I ate tostadas and more tostadas, drank more Dark and Stormies, had a brilliant plate of pasta from Le Virtu and brie-stuffed figs with crispy ham and berry jam from Talula’s Garden which were rich and rustic at the same time. Buddakan was doing duck bahn mi with coriander and foie gras in a skinny sandwich. The Continental had pork belly steamed buns packed with vegetables. Both got abandoned after a fast bite–not bad, just too rich, too complicated for a 15th or 20th course.

For a bit, I accidentally found myself stalking Ed Rendell (Feastival’s guest of honor, so chosen just because he’s awesome) through the offerings of Union Trust and Sampan and Bistrot Le Minette–trailing in his wake as he shook hands and got his picture taken, not even realizing who it was until he turned to hungrily eye the tables he couldn’t quite reach. I felt bad for the guy and kinda wanted to break loose, gather him some soup and maybe a donut, but what would he think? Some strange and half-drunk Mick come a’runnin’ with plates of food and booze? That’s the kind of thing that gets you throat-punched by a bodyguard, bound up and frog-marched out the back door to answer lots of hard questions.

While I was thinking about all this, Ed made a break. Seeing a bit of daylight, he made for it like a running back and just ducked into the trench where the cooks were working, reaching over shoulders and around elbows to grab dinner from the wrong side of things. A straight VIP move, that. Made me like the guy even more.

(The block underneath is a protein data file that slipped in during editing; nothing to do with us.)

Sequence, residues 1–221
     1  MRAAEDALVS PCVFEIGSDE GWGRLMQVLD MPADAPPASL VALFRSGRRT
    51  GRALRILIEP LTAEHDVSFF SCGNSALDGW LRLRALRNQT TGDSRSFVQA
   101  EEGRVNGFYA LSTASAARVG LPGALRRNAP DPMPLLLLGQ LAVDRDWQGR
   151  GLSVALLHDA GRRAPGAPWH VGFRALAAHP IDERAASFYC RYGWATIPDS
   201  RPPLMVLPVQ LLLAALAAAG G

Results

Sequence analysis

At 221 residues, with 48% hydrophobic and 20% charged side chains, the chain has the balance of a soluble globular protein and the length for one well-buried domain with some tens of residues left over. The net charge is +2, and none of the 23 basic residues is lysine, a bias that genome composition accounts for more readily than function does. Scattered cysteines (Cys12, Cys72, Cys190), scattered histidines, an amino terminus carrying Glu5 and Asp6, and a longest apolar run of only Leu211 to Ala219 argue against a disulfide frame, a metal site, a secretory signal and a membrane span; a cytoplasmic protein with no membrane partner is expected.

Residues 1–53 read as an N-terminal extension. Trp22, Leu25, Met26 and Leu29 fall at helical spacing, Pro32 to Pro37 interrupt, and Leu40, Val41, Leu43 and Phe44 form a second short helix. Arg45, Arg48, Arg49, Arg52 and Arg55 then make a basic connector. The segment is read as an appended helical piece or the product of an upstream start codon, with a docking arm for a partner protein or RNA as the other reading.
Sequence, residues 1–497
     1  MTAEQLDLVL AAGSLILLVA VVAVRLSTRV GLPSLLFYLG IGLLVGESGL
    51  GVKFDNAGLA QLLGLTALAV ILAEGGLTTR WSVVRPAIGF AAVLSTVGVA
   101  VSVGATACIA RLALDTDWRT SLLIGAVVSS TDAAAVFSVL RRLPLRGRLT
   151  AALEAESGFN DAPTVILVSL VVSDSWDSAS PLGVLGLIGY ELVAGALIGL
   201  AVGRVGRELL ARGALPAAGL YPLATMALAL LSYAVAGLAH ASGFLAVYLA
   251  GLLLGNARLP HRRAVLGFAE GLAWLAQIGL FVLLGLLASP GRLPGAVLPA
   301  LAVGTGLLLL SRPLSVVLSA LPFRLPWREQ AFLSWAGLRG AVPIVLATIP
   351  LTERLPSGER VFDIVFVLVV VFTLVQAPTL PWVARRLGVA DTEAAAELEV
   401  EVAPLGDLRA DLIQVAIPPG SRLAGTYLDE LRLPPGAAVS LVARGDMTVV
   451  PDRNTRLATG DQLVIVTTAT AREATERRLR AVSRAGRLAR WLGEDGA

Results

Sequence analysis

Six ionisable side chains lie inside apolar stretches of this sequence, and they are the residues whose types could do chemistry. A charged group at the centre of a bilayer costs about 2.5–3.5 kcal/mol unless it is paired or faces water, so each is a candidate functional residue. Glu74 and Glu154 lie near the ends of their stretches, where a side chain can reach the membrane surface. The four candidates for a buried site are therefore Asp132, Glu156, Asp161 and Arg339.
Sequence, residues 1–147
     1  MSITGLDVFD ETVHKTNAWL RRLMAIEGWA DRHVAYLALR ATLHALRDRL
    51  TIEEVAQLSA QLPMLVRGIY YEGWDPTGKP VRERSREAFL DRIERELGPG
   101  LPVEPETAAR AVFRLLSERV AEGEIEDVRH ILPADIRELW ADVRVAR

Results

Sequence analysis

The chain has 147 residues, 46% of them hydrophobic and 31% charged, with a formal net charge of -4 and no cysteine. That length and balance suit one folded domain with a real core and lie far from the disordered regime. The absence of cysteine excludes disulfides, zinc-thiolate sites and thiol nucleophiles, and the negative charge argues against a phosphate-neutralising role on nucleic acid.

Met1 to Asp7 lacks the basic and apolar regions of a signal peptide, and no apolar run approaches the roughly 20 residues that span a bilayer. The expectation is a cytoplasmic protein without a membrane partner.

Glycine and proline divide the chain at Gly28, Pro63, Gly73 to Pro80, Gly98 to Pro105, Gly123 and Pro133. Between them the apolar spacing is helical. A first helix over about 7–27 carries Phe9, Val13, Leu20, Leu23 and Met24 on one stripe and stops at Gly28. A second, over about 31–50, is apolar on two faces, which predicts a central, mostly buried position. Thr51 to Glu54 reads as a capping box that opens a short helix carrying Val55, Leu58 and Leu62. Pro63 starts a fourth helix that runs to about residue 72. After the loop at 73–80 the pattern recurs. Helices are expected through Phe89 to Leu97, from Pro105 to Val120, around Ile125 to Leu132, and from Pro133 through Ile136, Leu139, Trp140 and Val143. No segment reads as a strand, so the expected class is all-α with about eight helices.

But one thing even his Governor-ness missed (at least as far as I saw)? The fried chicken. The best single plate of the night–the cure to all the foie gras and figs and duck and fanciness that permeated the event–was fried chicken from ?uestlove Loves Food.

No lie: fucking ?uestlove kicked the ass of everyone with whole fried chicken drumsticks in a crisp, corn flake batter like god’s own, and served with a total lack of art or pretension. Just chicken, fried, wrapped in a little paper envelope, and perfect. Maybe not worth the $250 admission price all on its own, but still good as it got the whole night through. The ideal foil to the jewels being auctioned. The champagne and beautiful people. The flying dancers. The pork belly. the figs.

And the best part? It paired with another round of Dark and Stormies just perfectly as I made my way towards the door.